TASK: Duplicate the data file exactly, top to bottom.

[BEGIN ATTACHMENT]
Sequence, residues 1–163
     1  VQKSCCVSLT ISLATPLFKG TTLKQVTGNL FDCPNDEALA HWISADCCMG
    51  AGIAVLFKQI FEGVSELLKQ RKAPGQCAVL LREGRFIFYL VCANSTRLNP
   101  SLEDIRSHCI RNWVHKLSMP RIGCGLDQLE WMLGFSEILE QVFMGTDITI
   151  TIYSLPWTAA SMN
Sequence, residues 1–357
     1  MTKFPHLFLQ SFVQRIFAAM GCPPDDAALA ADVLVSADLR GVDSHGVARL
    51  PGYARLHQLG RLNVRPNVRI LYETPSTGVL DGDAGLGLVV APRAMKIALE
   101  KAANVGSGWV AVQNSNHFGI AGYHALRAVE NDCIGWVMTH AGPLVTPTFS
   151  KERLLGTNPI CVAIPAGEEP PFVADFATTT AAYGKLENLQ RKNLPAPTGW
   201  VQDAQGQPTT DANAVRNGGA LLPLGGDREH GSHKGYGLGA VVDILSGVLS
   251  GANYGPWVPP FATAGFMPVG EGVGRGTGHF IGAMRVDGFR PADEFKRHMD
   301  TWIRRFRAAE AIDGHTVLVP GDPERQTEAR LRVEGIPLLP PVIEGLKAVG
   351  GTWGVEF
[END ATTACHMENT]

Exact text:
Sequence, residues 1–163
     1  VQKSCCVSLT ISLATPLFKG TTLKQVTGNL FDCPNDEALA HWISADCCMG
    51  AGIAVLFKQI FEGVSELLKQ RKAPGQCAVL LREGRFIFYL VCANSTRLNP
   101  SLEDIRSHCI RNWVHKLSMP RIGCGLDQLE WMLGFSEILE QVFMGTDITI
   151  TIYSLPWTAA SMN
Sequence, residues 1–357
     1  MTKFPHLFLQ SFVQRIFAAM GCPPDDAALA ADVLVSADLR GVDSHGVARL
    51  PGYARLHQLG RLNVRPNVRI LYETPSTGVL DGDAGLGLVV APRAMKIALE
   101  KAANVGSGWV AVQNSNHFGI AGYHALRAVE NDCIGWVMTH AGPLVTPTFS
   151  KERLLGTNPI CVAIPAGEEP PFVADFATTT AAYGKLENLQ RKNLPAPTGW
   201  VQDAQGQPTT DANAVRNGGA LLPLGGDREH GSHKGYGLGA VVDILSGVLS
   251  GANYGPWVPP FATAGFMPVG EGVGRGTGHF IGAMRVDGFR PADEFKRHMD
   301  TWIRRFRAAE AIDGHTVLVP GDPERQTEAR LRVEGIPLLP PVIEGLKAVG
   351  GTWGVEF